Accurate and precise quantification of Cu,Zn-SOD in human red blood cells using species-specific double and triple IDMS†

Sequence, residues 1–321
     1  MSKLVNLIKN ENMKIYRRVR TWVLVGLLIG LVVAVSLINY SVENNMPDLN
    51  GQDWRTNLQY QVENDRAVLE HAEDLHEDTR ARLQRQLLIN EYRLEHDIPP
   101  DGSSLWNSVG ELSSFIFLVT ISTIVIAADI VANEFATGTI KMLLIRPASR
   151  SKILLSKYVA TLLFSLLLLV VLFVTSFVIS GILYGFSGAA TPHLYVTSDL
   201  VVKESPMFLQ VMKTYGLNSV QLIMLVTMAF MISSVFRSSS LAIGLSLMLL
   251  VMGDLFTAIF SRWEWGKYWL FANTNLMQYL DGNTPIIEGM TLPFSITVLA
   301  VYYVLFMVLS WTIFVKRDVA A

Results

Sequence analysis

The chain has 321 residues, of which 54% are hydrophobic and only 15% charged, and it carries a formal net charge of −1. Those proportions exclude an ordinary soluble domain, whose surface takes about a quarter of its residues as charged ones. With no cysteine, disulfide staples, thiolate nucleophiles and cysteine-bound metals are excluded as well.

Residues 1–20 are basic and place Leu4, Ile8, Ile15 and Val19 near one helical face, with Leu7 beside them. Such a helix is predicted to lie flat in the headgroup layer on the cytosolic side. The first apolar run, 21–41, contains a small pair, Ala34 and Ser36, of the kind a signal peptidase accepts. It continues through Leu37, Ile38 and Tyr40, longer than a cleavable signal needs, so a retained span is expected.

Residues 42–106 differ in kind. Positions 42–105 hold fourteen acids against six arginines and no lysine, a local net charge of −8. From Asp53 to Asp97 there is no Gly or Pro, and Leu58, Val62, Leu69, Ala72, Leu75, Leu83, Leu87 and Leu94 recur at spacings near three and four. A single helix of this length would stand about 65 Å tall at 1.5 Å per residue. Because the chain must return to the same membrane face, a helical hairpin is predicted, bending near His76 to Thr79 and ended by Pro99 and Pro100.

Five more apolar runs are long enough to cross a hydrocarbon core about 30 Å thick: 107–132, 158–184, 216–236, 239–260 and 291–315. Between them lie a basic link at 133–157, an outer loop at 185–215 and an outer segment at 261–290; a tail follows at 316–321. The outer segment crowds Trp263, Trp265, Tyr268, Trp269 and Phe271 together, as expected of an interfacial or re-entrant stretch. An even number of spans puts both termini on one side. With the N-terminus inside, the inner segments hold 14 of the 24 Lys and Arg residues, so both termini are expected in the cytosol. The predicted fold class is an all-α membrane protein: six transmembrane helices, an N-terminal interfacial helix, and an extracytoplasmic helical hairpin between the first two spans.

Cu,Zn-superoxide dismutase (SOD1) is a protein involved in the antioxidant defense system of the body responsible for the dismutation of the superoxide anion. It contains two Cu and two Zn ions per molecule. As this protein is also involved in several diseases it is used in clinical diagnostics as a biomarker, which requires the accurate and reliable determination of SOD1. Therefore, a candidate reference measurement procedure for the quantification of this protein in human erythrocytes was developed using species-specific isotope dilution mass spectrometry (IDMS), a method giving results traceable to the International System of Units (SI). The measurement procedure was validated with regard to a metrological point of view. Commercially available SOD1 was thoroughly characterized to be used as a pure protein calibration standard in IDMS approaches. Furthermore, 65Cu and 67Zn labeled SOD1 was produced to be used as a spike material required for species-specific IDMS. Finally, SOD1 was quantified in human erythrocytes using both double and triple IDMS and a complete uncertainty budget for both approaches was estimated according to the Guide to the Expression of Uncertainty in Measurement (GUM). A calculated mass fraction of SOD1 with its associated expanded uncertainty of (63.94 ± 0.93) μg g−1 (n = 30) for double and (64.02 ± 0.96) μg g−1 (n = 30) for triple IDMS was obtained.